Voguing might not be something you’d associate with the Middle East, but that’s exactly the connection being made by Hoedy Saad.

The trainee vet and dancing extraordinaire has made it is his mission to bring the unique style of self-expression, which is traditionally associated with the LGBTQ community and people of colour, to the Lebanese capital Beirut where he lives.

While Lebanon may be more tolerant towards LGBTQ people than the majority of the Middle East, homosexuality is still technically illegal, and in a 2007 poll conducted by the Pew Research Centre, 79% of Lebanese agreed that gay people “should be rejected by society”.

But that hasn’t stopped Hoedy from living his truth, a subject which was too good to resist for filmmaker Helene Dancer.

“When I first met Hoedy in Beirut, his enthusiasm was infectious. He clearly had a real passion for the vogue scene and all that it represents,” she tells Gay Times.

“He wasn’t cowed by the potential danger he faced by living in such a conservative country, but rather used this energy to create something that was positive and, most importantly, fun. I was also impressed with how he’s single-handedly launching the vogue scene and also studying to become a vet. His commitment to both is admirable.”

To celebrate the documentary’s release – and the success of his first voguing ball – we spoke to Hoedy about his passion for dance, the situation for queer people in his home country, and how LGBTQ rights can be progressed in the Middle East…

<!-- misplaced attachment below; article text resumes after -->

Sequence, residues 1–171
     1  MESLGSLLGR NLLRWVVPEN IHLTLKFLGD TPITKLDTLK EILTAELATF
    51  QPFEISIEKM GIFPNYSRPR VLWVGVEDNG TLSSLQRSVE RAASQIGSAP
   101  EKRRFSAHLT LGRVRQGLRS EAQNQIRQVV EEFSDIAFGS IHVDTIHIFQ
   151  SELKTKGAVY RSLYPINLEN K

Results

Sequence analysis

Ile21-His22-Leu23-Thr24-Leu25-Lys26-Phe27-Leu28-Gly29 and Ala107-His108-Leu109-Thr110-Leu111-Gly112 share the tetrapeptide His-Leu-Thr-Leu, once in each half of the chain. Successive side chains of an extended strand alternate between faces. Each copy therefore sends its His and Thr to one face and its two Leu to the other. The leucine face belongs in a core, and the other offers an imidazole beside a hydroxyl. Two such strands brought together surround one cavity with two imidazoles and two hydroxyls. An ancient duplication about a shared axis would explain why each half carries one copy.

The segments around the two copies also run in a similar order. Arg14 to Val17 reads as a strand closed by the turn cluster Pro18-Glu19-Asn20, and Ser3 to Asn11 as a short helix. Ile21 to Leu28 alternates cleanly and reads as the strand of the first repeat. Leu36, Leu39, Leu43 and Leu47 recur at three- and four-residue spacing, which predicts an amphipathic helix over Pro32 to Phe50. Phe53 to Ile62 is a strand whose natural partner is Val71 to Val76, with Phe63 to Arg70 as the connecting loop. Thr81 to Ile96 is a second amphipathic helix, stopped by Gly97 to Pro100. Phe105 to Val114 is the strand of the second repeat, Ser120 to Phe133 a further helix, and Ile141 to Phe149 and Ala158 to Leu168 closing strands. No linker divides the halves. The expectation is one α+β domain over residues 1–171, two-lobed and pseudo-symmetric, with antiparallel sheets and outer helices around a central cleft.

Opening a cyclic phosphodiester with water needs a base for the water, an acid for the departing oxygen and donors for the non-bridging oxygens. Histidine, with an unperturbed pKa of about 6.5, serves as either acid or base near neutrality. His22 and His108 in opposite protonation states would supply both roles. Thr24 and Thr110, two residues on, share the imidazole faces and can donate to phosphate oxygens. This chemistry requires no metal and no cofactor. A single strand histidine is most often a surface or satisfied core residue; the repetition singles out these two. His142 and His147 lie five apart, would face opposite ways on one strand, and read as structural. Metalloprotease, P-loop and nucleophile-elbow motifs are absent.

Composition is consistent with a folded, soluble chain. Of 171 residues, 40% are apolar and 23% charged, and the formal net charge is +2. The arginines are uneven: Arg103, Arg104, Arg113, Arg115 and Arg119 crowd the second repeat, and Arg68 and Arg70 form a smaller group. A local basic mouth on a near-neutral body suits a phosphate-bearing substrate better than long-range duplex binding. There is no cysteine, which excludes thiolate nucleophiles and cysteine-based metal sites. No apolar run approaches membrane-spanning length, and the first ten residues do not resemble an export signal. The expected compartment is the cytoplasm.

What is it about voguing that you love so much?
I’ve always loved dancing and I didn’t fit in any dance community because I was always too feminine for them. Voguing was the only means of self-expression I found myself in. It helped me face my fears and struggles which built a strong character in me, and I’m forever grateful for that.

So why do you want to bring the scene to your country?
The voguing scene and the culture behind it helped me a lot in becoming who I am today, and I want to share this experience with the people around me so they can learn a thing or two from it. It’s a place that brings us all together and lets us celebrate our Pride in a very beautiful way.

What’s it like being queer in Lebanon?
It’s hard to describe what it’s like being queer or gay in Lebanon, because there are different opinions about it. It depends on where you live and who’s in your surroundings. Some places are more accepting than the others and that’s where most queer people are present and feel safe. But overall you have to abide by certain rules and social norms to stay safe.

Have you faced much discrimination for being who you are, then?
Personally, I’ve never had any problem being who I am walking down the streets of Beirut. I vogue and perform everywhere and people seem to like it. I believe it all depends on how you approach people and how you present yourself and your art to the world. Lebanon is considered a very accepting country compared to other Middle Eastern countries, but it’s still not that open. You’ll get weird looks from people or some verbal harassment, but rarely any physical attacks which I believe is everywhere – even in the most accepting countries. So it’s important to find a way to make people accept you and understand you, and I think we’re getting there!

How do you think we can begin to increase LGBTQ acceptance in the Middle East?
LGBTQ acceptance in the Middle East has a long way to go. We need the right people to represent the community in the media, which has a major impact on the mass audience. The younger generation now is much more accepting that the older ones because of the impact of social media on our daily lives. It’s helped in educating people about the LGBTQ community and spreading acceptance.

Watch the short documentary below.

Vogue Beirut from Helene Dancer on Vimeo.